It was also around this time that I met up with our music supervisor, James McWilliam, to discuss the music in the film. I’d decided fairly early on that I didn’t want a score in the film and that all the music would be diegetic – so we needed to find bands who were willing to let us feature their tracks. I’d worked hard even during the initial cuts of the film to choose appropriate temp tracks (some of which worked so well that they made it into the film), but there was still a lot of work to be done and Jim needed time to get it right (and get the rights). From this point on, Jim would send me tracks to listen to and if I liked them I would try them in the film. There were one or two scenes which were especially tricky to find songs for, but generally it was a relatively smooth process. Securing the rights proved a little more difficult. There was one song that fitted perfectly. When we approached the rights holders they said yes. But when we sent them the contractual agreement they went silent on us. Much to our frustration, we were eventually forced to choose another song. Luckily, Jim was able to find something which worked equally well.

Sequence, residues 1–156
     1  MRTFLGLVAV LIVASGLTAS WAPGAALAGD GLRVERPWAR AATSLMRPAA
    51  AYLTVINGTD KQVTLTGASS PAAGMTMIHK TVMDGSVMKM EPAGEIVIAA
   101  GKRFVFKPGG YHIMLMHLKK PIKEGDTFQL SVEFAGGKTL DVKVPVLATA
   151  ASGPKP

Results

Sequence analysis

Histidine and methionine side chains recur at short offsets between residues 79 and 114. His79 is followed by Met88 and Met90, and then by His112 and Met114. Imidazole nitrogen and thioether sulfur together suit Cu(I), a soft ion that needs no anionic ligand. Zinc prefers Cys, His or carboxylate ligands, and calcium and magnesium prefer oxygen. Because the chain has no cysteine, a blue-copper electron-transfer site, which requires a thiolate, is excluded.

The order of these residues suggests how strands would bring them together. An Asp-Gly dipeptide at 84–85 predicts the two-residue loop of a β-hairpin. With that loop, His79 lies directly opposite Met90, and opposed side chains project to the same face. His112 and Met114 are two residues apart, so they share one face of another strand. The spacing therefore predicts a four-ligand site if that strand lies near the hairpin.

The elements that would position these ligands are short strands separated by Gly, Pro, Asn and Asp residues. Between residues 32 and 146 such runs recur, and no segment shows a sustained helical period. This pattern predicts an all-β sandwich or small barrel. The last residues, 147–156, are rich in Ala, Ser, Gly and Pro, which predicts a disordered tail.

Meanwhile, Murat and I were continuing to work through our notes on the latest version. We arranged to do a test screening, and that gave us a clear deadline of when the next edit needed to be finished by. As well as working on the picture cut, I started working on the track-laying, going through every piece of off-screen dialogue in the film and making sure that we were using the best possible take (from a performance point of view – I decided I’d let Jason worry about the technical side of things later on…). It wasn’t an easy task, partly because the version of Final Cut Pro I was using would literally crash and throw me out of the program every five minutes, but also because the new takes would have to fit within a predetermined length of time; sometimes great takes simply wouldn’t work because their timing didn’t fit with the visuals – though there was one actor in particular who managed to be almost identical with his timing in every take, even if the emotional punch was wildly different.